I was talking to a fellow teacher this week.  He asked if I still felt like I was still in prison.  I smiled and said, “I’ve been moved out of the maximum security part and now I’m on a work relief program.”  I don’t know when this sentence will end.  I don’t know if the walls will magically fall down, and I’ll discover this is my new dream.  I do know that I really love my job.  I am grateful for God’s provision for our family and for group health insurance.  Any day I’m teaching is a god day.  Anywhere that I can love and serve people is a good thing.

That’s the trick of prison: learning how to be who you were made to be, to be fully alive and not give up hope.  Joseph modeled that for us in his prison experience.  He was still a leader.  He still used his gifts.  He still interpreted dreams, and he never lost hope.  At least not in the parts that we see.  He ultimately trusted God with his dream, and that’s what I must do as well.

Saying Good-Bye to Camelot

Published March 20, 2014 by joypatton


Today is my youngest daughter’s fifth birthday.   It has been five years since I was pregnant.  Four years since I have nursed a baby.  Five years since I have held a sleeping infant of my own on my chest, which is the best feeling in the world.  It signifies the end of an era.  No more kids to potty train.  No more Mother’s Day Out programs.  No more play dates.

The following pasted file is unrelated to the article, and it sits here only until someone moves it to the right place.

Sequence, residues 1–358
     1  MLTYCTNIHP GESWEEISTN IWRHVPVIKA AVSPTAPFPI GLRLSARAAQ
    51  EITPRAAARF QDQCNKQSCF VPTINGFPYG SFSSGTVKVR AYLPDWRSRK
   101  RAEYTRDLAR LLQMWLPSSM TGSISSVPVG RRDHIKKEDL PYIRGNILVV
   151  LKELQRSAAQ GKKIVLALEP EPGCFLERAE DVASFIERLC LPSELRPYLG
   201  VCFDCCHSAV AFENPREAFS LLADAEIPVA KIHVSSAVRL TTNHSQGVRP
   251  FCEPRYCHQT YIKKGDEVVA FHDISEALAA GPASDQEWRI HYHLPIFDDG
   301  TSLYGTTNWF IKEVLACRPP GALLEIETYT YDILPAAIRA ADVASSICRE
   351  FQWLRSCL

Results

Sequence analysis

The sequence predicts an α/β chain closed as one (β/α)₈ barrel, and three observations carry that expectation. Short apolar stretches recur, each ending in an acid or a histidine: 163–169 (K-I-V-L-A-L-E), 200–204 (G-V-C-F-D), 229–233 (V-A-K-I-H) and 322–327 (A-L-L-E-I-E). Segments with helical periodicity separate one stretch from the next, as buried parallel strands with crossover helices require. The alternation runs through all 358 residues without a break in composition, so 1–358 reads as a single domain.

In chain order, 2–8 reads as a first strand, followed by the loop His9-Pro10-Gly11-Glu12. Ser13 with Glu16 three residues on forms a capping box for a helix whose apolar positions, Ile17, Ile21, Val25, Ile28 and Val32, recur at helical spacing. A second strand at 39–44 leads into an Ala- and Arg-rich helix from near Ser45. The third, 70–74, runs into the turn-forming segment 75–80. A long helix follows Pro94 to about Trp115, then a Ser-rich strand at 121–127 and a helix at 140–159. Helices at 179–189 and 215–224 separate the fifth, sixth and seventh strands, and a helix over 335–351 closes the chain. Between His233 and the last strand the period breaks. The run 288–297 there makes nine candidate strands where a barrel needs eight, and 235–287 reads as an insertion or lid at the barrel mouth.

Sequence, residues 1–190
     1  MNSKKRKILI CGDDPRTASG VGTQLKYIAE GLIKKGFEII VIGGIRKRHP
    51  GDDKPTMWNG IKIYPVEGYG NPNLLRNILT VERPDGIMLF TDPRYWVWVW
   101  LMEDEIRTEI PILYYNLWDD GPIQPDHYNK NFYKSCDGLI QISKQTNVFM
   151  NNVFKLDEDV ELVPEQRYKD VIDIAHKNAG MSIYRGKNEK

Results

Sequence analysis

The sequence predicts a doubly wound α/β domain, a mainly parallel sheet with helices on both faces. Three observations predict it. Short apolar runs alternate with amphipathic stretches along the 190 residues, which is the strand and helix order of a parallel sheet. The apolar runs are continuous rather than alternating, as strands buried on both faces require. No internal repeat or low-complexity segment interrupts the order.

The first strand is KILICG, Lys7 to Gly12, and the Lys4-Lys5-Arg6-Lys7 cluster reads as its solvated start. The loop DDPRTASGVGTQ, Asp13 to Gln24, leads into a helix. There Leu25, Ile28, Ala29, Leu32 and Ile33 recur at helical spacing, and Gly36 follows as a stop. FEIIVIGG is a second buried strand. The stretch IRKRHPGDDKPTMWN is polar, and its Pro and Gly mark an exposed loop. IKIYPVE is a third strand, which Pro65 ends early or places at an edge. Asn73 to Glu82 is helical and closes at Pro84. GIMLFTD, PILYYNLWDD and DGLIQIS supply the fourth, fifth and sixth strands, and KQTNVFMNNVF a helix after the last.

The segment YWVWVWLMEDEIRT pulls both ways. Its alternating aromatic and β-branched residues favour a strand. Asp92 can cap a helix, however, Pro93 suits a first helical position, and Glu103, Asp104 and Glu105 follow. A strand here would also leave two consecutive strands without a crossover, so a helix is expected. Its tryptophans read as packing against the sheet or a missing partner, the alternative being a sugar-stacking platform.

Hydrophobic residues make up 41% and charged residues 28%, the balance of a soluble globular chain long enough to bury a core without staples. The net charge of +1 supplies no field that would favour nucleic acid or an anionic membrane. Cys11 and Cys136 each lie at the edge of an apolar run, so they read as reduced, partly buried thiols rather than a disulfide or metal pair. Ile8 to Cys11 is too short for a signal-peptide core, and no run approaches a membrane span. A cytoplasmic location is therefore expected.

Last fall things  changed in our family.  I was working full-time for the first time in 13 years.  I had a conversation with my close friend.  Her youngest was going to kindergarten, and she was looking at having her days open and free, wondering how she was going to fill them.  We were both lamenting the fact that it had been weeks since we had seen each other, since we

have sat down and talked while the kids played.  “Who knew the preschool years were Camelot?”  I commented.

In the preschool days, I carpooled to Mother’s Day Out with friends.  And during the drop off, we would sit and chat for an hour or two depending on the day.  We would have play dates or swap childcare.  We were constantly in and out of each other’s homes.  During the preschool years, I went to Bible studies and enjoyed two hours of kid-free adult conversation.  I even taught Bible studies.  I remember climbing the stairs one morning, very pregnant, asking God to give me the strength and the words for the study I was leading at the time.  It wasn’t easy, but I don’t regret it.  Looking back, I’m grateful that I took advantage of the opportunities that I had then.